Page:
Ashkenazy Acquisition Corp. and The Carlyle Group have completed their purchase of 650 Madison Avenue, a trophy asset in New York’s Plaza District, for $680 million. Trading for more than $1,130 per sq. ft., the 27-story office and retail tower garnered the highest price paid for a single asset so far this year.
“This further cements our position as the largest retail landlord on Madison Avenue and we are thrilled to add it to our bi-coastal portfolio of high-end assets,” says Michael Alpert, president of Ashkenazy Acquisition Corp., which purchased the property from Hiro Real Estate Co. in a joint venture with Carlyle.
The 600,000 sq. ft. structure commands one of Midtown Manhattan’s premier locations, extending the length of the block from 59th Street to 60th Street on Madison Avenue. The 90,000 sq. ft. of retail at the building’s base currently serves as the New York City flagship stores of Crate and Barrel and Tod’s. Tenants in the office tower, which offers views of Central Park, include Polo Ralph Lauren’s corporate headquarters, Columbia Presbyterian and several investment firms.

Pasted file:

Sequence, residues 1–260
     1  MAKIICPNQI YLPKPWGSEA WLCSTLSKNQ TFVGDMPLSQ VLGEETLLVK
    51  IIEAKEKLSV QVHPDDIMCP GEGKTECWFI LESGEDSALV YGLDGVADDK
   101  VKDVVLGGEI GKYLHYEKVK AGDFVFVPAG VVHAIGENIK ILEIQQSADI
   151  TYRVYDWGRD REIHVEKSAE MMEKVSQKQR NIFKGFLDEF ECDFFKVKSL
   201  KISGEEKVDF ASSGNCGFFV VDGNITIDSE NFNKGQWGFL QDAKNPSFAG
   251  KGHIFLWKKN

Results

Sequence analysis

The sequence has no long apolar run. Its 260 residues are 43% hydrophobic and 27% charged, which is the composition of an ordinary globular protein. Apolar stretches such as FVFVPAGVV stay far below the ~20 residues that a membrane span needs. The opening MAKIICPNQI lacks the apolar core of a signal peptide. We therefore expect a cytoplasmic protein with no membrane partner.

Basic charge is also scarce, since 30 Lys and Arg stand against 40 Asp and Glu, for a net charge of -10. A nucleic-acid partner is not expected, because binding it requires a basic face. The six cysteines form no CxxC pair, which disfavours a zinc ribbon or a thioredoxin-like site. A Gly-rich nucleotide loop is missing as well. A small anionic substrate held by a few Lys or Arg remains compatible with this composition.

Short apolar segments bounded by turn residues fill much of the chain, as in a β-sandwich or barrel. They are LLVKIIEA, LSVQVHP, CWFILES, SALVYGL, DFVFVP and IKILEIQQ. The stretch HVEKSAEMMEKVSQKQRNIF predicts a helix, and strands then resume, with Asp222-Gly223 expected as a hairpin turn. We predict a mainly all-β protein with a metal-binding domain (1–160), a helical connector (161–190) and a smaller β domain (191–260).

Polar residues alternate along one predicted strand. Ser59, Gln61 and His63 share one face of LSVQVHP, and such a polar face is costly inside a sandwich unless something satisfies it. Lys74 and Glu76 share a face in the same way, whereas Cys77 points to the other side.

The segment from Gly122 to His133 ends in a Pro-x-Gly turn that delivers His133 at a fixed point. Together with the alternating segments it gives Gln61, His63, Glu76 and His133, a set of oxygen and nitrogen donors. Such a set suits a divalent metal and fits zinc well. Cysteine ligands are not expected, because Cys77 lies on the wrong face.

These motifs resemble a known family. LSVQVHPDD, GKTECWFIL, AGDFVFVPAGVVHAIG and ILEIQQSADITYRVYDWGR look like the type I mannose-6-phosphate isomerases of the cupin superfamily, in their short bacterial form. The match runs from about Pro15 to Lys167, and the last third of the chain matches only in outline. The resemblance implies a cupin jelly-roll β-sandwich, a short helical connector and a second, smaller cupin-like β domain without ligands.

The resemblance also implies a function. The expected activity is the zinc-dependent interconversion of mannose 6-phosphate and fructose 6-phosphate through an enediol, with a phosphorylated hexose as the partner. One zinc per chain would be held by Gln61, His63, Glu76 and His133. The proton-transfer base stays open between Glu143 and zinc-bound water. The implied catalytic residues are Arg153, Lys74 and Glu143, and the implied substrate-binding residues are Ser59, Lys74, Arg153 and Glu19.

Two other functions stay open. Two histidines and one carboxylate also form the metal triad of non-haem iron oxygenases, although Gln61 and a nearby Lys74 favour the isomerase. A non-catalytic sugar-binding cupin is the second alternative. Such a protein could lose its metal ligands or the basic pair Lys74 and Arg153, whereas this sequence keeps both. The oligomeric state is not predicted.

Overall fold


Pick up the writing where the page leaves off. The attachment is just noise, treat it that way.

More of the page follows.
Ackman Ziff worked with the partners to secure financing from a syndicate of lenders that includes Natixis and Shorenstein. “We are pleased that during a period of economic uncertainty, where deals have not always come together easily, we were able to obtain efficient financing with significant lender interest,” Alpert says.
With the exception of a few boutique properties that fetched higher prices per square foot, 650 Madison Avenue garnered the highest price paid for a major office building this year, according to Dan Fasulo, managing director of research for Real Capital Analytics, a New York-based commercial real estate research firm.
The transaction marked the highest price paid for a single asset in 2008, eclipsed only by portfolio acquisitions. Last month, Gramercy Capital Corp. purchased American Financial Realty Trust for $3.3 billion; and Vornado Realty Trust announced it is selling its interest in refrigerated warehouse owner Americold Realty Trust to The Yucaipa Cos. The latter deal will net Vornado about $220 million in proceeds after debt and other obligations, but the portfolio is valued at $1.52 billion.
“It’s great to know that deals of this size and magnitude can still close,” Fasulo says. “It’s a sign of confidence for the entire real estate industry.”
While the final price paid for 650 Madison Avenue is less than the asset could have garnered last summer, Fasulo says, the sellers got a relatively attractive price for the current environment. “It’s a fantastic asset and you can’t get many better locations than that in Manhattan,” he says. “Both the seller and the buyer are going to be happy on that deal.”